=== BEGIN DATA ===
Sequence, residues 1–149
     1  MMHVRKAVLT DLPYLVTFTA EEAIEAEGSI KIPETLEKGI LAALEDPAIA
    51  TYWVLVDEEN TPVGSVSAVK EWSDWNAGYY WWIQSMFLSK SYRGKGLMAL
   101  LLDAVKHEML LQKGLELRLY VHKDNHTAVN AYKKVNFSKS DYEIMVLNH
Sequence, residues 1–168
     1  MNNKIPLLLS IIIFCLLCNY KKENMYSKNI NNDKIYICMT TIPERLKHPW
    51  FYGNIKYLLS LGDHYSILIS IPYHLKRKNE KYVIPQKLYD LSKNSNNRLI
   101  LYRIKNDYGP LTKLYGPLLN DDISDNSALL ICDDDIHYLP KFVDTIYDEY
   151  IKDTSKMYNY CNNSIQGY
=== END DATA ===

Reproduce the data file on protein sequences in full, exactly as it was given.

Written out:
Sequence, residues 1–149
     1  MMHVRKAVLT DLPYLVTFTA EEAIEAEGSI KIPETLEKGI LAALEDPAIA
    51  TYWVLVDEEN TPVGSVSAVK EWSDWNAGYY WWIQSMFLSK SYRGKGLMAL
   101  LLDAVKHEML LQKGLELRLY VHKDNHTAVN AYKKVNFSKS DYEIMVLNH
Sequence, residues 1–168
     1  MNNKIPLLLS IIIFCLLCNY KKENMYSKNI NNDKIYICMT TIPERLKHPW
    51  FYGNIKYLLS LGDHYSILIS IPYHLKRKNE KYVIPQKLYD LSKNSNNRLI
   101  LYRIKNDYGP LTKLYGPLLN DDISDNSALL ICDDDIHYLP KFVDTIYDEY
   151  IKDTSKMYNY CNNSIQGY